LAS VEGAS, Nev. -- Wayne and Kyla Lowell, the Springfield couple who survived the Route 91 shooting, have reunited with the Nevada teen Wayne helped save more than seven months later at the Healing Garden in Las Vegas.
The couple laid roses in honor of the 58 concertgoers who were killed the night of Oct. 1, 2017, when bullets rained down from the 32nd floor of the Mandalay Bay hotel.
Their son, Wyatt, was with them and saw the pictures of the victims for the first time, which are on display at the Healing Garden, located just miles from the site of the attack.
“It keeps going through my head, what if one of these was you or Dad?” Wyatt said to his mother.
In an interview a couple of months ago with KEZI 9 News Morning Anchor Bryan Anderson, who was on location in Las Vegas for the reunion, Wayne and Kyla detailed their story of survival, and how Wayne helped carry a teen who had been shot in the chest out of the concert venue, where he was transported to the hospital.
KEZI tracked down the teen, Nick Campbell, who shared his own story.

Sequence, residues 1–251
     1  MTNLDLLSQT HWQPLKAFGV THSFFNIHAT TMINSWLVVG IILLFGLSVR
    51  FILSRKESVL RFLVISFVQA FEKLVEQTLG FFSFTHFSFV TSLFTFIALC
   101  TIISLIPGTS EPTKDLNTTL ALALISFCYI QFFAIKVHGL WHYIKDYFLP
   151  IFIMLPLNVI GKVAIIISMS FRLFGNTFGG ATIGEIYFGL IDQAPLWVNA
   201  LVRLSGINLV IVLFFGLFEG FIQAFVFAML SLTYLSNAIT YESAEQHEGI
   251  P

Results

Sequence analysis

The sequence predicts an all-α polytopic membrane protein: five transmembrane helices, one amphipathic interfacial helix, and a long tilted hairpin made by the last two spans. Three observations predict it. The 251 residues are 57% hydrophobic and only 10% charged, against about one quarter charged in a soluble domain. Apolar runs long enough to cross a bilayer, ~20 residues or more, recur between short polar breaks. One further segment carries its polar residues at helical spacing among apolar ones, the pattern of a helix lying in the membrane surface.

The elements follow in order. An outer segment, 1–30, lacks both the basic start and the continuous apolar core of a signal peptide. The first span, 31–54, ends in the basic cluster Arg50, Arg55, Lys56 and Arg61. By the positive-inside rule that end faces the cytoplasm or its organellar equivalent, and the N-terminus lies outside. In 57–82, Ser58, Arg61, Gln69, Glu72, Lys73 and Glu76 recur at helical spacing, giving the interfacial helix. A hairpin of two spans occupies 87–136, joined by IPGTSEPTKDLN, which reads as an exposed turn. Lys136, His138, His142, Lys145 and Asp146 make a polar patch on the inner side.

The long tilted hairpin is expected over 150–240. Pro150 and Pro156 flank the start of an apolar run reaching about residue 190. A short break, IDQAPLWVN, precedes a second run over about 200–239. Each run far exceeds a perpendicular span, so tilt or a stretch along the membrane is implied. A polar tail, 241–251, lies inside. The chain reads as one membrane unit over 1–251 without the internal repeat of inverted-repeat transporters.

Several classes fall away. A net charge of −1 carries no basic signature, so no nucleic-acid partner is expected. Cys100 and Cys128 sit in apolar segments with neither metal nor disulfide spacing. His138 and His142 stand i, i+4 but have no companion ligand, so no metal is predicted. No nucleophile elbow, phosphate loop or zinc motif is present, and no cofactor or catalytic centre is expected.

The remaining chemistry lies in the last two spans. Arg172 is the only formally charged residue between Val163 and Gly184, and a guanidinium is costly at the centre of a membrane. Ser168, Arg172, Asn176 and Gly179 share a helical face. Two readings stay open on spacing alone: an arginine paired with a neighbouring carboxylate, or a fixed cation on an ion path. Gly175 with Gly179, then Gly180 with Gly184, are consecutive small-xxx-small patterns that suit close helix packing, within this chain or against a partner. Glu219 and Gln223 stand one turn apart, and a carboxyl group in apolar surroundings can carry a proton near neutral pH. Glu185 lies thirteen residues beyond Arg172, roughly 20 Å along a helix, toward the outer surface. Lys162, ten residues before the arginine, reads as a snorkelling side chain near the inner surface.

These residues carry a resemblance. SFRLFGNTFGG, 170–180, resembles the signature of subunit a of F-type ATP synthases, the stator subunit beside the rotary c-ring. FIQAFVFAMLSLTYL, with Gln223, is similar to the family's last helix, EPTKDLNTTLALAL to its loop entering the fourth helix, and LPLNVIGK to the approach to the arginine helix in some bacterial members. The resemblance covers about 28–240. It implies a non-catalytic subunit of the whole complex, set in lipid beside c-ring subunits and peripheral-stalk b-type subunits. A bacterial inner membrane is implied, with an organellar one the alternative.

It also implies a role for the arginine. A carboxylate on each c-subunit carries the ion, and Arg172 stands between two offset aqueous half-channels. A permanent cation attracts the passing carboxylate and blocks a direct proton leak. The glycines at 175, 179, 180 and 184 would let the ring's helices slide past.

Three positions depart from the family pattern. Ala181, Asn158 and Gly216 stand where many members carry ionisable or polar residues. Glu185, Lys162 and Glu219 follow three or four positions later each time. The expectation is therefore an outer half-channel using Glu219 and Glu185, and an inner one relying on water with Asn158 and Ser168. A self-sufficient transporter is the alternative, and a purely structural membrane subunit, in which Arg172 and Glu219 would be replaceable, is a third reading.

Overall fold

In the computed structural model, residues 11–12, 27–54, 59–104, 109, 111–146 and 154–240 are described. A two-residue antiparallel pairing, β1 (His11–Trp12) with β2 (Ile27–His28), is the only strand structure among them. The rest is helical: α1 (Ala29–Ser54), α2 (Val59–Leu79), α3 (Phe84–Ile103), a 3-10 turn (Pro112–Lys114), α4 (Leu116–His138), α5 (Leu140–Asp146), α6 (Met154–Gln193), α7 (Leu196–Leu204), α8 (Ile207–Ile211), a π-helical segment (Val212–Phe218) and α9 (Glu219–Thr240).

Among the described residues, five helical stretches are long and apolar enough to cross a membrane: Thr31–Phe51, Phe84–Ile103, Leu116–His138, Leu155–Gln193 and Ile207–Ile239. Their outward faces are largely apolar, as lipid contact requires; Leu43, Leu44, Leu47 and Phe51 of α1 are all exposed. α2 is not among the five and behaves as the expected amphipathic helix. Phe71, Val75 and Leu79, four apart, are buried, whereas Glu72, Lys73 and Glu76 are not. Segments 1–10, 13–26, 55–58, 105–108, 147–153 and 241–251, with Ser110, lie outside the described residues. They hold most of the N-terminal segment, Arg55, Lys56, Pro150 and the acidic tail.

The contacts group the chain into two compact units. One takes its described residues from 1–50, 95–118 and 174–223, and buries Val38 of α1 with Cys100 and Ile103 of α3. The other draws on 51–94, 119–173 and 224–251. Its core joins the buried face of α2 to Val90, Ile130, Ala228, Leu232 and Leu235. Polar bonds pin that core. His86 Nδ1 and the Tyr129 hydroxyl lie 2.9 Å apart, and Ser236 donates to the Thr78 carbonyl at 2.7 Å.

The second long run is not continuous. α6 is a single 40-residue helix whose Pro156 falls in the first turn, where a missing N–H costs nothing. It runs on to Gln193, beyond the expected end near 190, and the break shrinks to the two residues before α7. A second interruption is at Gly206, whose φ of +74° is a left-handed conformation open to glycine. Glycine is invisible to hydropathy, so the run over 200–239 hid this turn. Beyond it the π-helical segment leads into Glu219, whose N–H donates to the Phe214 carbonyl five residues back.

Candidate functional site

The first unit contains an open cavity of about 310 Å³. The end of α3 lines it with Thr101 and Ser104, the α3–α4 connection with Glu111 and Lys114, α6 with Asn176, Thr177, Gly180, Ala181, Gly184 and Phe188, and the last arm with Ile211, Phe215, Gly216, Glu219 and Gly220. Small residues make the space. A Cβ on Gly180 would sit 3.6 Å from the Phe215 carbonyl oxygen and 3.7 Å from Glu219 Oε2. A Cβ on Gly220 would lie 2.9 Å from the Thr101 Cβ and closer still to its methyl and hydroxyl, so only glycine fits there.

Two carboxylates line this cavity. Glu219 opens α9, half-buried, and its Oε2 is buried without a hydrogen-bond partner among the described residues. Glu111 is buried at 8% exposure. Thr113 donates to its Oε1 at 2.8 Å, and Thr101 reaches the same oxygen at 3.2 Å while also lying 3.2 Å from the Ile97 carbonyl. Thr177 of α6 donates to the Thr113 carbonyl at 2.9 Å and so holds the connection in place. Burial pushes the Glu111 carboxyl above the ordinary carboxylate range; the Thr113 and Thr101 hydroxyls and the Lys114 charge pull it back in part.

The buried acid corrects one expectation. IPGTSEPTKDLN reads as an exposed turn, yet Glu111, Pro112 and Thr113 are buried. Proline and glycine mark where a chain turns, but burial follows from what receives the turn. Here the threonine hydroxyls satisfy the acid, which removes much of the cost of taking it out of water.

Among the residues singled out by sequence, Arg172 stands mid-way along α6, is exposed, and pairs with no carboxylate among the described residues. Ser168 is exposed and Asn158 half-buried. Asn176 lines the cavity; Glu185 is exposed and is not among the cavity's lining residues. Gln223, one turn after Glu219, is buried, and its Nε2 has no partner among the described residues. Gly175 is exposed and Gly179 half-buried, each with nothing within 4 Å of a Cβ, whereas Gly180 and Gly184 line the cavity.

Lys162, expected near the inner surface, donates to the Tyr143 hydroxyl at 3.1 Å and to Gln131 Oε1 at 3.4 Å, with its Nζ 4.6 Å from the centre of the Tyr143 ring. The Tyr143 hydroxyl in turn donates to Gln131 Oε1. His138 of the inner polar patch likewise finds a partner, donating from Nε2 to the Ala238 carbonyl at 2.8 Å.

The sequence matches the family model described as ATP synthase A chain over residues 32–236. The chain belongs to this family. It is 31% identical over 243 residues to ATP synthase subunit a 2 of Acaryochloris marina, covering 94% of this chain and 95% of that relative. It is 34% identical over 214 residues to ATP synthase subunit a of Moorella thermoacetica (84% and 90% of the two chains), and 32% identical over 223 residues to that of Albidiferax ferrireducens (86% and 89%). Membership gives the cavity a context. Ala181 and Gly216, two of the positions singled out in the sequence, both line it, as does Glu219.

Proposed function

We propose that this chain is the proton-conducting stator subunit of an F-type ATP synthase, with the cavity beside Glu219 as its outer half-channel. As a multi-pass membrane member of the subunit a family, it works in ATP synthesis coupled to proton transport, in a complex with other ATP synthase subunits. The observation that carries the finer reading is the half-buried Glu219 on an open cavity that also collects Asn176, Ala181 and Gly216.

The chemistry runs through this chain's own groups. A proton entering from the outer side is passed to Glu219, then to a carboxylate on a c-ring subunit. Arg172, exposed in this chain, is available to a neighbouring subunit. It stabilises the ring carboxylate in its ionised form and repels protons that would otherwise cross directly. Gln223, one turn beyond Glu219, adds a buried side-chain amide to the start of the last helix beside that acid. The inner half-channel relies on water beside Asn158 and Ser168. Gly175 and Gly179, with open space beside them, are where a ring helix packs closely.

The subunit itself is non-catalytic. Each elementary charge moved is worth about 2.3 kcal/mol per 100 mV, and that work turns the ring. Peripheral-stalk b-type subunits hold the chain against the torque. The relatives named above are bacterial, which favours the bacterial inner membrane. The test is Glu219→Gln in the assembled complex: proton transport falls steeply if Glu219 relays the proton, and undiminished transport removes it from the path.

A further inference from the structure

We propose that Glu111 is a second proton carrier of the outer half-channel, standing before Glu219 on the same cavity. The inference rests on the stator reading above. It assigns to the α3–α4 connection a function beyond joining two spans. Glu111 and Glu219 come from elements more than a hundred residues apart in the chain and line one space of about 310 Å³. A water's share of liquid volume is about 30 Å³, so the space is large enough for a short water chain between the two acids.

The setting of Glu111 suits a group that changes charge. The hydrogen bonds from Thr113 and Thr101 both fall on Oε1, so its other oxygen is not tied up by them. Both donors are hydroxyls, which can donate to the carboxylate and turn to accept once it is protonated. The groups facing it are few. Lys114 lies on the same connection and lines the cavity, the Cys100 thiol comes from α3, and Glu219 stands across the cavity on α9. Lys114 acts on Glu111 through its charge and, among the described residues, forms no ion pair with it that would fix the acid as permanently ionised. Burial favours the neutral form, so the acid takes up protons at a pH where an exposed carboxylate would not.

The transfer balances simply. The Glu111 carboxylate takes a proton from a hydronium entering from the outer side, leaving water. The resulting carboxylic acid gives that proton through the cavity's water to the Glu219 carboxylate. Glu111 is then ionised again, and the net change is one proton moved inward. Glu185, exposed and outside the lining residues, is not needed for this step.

Kyla spotted Nick and his dad first as they walked into the Healing Garden for the reunion.
As they approached, Nick’s dad introduced himself to Wayne, who asked, “Are you that guy I talked to on the phone?”
Nick’s dad had been on the other line of a phone call Nick had made after being wounded. And as Nick had been in too much pain to talk, Wayne picked up the phone for him before carrying him out.
Wayne and Nick hugged before exchanging greetings.
“The mental aspect is the worst part of it,” Nick said.
“I’m glad you made it,” Wayne told the teen.
“Thank you, thank you,” Nick said back. “I appreciate everything. I really do.”
“I didn’t do anything special. I mean, I didn’t. I just did what I was supposed to do,” said Wayne, who served in the Navy for four years and was raised with a strong belief in helping people.
“I generally don’t even know how to put it into words,” Nick said of the experience. “Being 16, it’s crazy. It’s hard to wrap my mind around right now.”
Wayne and Kyla said they decided to speak out about their survivor’s guilt to help other survivors from the Route 91 shooting know they are not alone.
Wayne said a lot of people are still suffering from it, physically and mentally.
“It’s not something that just goes away in 10 minutes,” Kyla said. “Just because people aren’t talking about it anymore doesn’t mean it’s not real to us and real to all these people’s lives and families.”
Kyla says that since she’s spoken out, a fellow survivor from Eugene has reached out to her.
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